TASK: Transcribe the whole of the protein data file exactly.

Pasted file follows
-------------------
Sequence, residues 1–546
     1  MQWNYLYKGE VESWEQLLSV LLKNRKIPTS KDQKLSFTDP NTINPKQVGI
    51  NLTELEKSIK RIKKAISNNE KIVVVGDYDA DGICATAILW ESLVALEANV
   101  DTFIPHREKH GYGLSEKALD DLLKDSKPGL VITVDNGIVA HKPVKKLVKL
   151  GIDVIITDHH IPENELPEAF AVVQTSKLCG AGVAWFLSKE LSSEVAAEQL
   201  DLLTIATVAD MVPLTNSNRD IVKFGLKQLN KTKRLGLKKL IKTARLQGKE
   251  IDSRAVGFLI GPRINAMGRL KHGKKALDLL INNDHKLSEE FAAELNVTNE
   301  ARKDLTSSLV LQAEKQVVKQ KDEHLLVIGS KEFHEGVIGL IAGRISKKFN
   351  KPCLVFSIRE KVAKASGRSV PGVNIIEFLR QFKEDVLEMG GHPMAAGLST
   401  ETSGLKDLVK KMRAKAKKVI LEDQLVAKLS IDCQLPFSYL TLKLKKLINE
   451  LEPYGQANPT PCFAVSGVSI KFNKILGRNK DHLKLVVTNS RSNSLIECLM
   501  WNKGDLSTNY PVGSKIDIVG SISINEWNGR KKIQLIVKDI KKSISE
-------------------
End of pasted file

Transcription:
Sequence, residues 1–546
     1  MQWNYLYKGE VESWEQLLSV LLKNRKIPTS KDQKLSFTDP NTINPKQVGI
    51  NLTELEKSIK RIKKAISNNE KIVVVGDYDA DGICATAILW ESLVALEANV
   101  DTFIPHREKH GYGLSEKALD DLLKDSKPGL VITVDNGIVA HKPVKKLVKL
   151  GIDVIITDHH IPENELPEAF AVVQTSKLCG AGVAWFLSKE LSSEVAAEQL
   201  DLLTIATVAD MVPLTNSNRD IVKFGLKQLN KTKRLGLKKL IKTARLQGKE
   251  IDSRAVGFLI GPRINAMGRL KHGKKALDLL INNDHKLSEE FAAELNVTNE
   301  ARKDLTSSLV LQAEKQVVKQ KDEHLLVIGS KEFHEGVIGL IAGRISKKFN
   351  KPCLVFSIRE KVAKASGRSV PGVNIIEFLR QFKEDVLEMG GHPMAAGLST
   401  ETSGLKDLVK KMRAKAKKVI LEDQLVAKLS IDCQLPFSYL TLKLKKLINE
   451  LEPYGQANPT PCFAVSGVSI KFNKILGRNK DHLKLVVTNS RSNSLIECLM
   501  WNKGDLSTNY PVGSKIDIVG SISINEWNGR KKIQLIVKDI KKSISE